Facial Recognition Privacy Issues Shouldn’t Make You Wary of Your Webcam

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Facial recognition privacy issues are inevitable as webcams get smarter.

The fact that your computer can recognize your face is pretty cool.

The fact that your friend’s computer can recognize your face should make you a little concerned.

The facial recognition technology behind both possibilities is now commercially available and being used as both a security device and a social networking tool…at least, that’s what it’s supposed to be used for.

Facial recognition privacy issues are no more urgent than other online security concerns such as password breaches and hacks on cloud-storage facilities, but there’s an intimacy to the technology that makes privacy issues feel undeniably more personal.

There is a real chance that facial recognition could become the source of a whole new type of 21st century identity crime.

Webcams and software apps are now capable of picking your face out of a picture that contains dozens, even hundreds, of other human faces, and as social media networks gather together such pictures by the millions, there is a real chance that facial recognition could become the source of a whole new type of 21st century identity crime.

However, despite the complexity of facial recognition technology, the best ways to defend against its misuse are practical and straightforward enough that you shouldn’t be afraid of your own webcam.

How Facial Recognition Works

Your face is the fingerprint of the digital age. Just as fingerprint analysis relies on the collection and comparison of a few key points within each pattern, so too does facial recognition. In video-based facial recognition, dozens of elements across your face, such as the depth of your eye sockets, the width of your nose, and the distance between features, are mapped by specialized cameras and recorded as your unique profile.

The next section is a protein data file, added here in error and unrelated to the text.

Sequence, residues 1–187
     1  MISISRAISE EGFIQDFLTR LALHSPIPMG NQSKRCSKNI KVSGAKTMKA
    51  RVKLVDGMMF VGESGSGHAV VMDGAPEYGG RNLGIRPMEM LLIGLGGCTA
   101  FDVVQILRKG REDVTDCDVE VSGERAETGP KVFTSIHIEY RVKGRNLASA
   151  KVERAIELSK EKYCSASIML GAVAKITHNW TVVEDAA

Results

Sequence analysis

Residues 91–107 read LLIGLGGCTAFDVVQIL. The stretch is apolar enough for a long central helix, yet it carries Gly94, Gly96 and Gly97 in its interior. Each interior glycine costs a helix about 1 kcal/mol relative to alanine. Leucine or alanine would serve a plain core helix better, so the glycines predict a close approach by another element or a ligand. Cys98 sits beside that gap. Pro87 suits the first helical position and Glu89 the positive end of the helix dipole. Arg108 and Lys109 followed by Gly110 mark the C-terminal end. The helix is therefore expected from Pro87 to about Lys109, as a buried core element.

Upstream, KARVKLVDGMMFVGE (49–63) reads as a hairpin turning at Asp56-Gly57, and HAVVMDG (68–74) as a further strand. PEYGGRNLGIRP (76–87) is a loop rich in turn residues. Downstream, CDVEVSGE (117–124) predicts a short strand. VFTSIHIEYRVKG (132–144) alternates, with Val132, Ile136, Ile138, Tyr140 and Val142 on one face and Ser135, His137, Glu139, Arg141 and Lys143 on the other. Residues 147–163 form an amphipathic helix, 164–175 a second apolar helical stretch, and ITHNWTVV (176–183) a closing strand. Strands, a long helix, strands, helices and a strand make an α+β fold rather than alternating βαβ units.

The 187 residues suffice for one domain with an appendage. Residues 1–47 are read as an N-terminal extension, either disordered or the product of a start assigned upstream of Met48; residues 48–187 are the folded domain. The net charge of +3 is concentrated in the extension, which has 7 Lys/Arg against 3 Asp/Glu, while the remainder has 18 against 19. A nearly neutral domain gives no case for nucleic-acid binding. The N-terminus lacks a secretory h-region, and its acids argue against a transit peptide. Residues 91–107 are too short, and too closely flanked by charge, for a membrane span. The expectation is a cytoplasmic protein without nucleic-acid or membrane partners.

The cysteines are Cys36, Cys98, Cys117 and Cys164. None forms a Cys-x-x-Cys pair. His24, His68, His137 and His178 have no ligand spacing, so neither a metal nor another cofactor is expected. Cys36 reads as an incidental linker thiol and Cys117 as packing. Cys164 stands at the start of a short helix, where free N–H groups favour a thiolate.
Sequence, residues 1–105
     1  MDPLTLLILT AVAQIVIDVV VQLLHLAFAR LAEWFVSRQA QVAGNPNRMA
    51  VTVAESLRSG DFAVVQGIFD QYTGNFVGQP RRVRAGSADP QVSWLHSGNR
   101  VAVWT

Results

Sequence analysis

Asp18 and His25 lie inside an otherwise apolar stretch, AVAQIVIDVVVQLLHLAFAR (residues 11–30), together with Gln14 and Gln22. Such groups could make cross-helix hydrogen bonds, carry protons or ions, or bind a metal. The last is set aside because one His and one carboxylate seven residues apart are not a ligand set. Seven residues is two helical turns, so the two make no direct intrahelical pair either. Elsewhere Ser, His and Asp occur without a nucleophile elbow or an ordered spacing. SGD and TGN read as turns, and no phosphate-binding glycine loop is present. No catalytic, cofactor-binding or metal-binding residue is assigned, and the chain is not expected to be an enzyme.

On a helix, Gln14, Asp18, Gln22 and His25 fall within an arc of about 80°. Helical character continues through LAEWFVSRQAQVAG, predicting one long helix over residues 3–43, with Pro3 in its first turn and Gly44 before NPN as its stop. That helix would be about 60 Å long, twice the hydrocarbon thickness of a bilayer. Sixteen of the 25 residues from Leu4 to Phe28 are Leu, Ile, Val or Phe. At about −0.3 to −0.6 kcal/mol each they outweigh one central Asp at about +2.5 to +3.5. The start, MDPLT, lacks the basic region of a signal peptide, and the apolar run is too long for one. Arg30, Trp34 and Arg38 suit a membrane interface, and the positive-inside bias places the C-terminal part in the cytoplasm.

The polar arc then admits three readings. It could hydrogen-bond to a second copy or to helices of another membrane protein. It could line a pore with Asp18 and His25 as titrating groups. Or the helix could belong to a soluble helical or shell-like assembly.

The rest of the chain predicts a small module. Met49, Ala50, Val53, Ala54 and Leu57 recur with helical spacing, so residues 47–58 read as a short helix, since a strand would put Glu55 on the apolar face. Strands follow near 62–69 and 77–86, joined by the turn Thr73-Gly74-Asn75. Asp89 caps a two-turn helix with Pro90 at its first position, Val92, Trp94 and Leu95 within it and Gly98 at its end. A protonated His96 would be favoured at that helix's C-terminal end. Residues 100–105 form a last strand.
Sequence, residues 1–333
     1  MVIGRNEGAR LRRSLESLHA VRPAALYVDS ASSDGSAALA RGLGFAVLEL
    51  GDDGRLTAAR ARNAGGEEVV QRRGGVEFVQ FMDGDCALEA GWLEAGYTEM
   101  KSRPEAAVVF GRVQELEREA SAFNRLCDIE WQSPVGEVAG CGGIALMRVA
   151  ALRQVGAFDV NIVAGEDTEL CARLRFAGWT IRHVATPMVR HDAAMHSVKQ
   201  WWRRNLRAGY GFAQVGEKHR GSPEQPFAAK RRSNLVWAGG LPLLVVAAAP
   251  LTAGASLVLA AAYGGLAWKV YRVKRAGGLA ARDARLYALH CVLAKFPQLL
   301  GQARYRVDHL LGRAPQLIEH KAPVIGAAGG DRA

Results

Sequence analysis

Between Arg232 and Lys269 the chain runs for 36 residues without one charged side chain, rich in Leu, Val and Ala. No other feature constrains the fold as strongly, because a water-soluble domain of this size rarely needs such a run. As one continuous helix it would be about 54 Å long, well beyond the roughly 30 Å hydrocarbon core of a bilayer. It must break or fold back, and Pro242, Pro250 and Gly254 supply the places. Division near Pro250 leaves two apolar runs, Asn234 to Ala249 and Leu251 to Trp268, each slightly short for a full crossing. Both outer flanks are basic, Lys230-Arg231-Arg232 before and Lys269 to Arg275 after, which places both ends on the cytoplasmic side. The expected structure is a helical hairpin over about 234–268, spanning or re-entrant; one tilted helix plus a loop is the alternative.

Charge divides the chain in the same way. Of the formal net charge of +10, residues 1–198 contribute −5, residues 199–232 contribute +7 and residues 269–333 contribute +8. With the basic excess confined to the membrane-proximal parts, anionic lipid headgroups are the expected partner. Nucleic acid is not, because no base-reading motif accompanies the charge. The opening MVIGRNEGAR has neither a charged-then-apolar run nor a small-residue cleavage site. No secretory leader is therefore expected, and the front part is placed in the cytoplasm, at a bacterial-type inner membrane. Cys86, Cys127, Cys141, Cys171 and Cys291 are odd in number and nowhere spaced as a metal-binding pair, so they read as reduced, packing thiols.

This process of feature-based facial profiling is just a primitive example, however. Modern techniques center on either hybrid combinations of major feature and structural analysis, skin texture modeling that can detect small spots and lines, or the more accurate thermal imaging, which captures the broader shape of the head while ignoring things such as glasses or the effects of makeup.

This is the kind of technology behind Microsoft’s Windows Hello biometric security system, which can be paired with consumer-grade webcams to improve your online protection beyond a simple password. In demonstration mode it looks like this:

Of course, facial recognition is capable of far more than just logging you into your own computer.

Amazon Is Selling Facial Recognition for Cheap

Facial recognition privacy issues really come to the fore when the camera and software being discussed is designed to actively search and discover. Amazon’s new facial recognition software, Rekognition, for example, is able to actively hunt through archives of images and video and accurately identify people, activities, objects, text, and scenes…which covers pretty much everything you’d ever do in life.

What is more, the technology is very cheap, costing around ten cents per minute of analyzed footage. The power of the Rekognition software has made it an attractive surveillance tool, and it has been used by a number of U.S. government bodies, including law enforcement agencies, as you can see in the video below.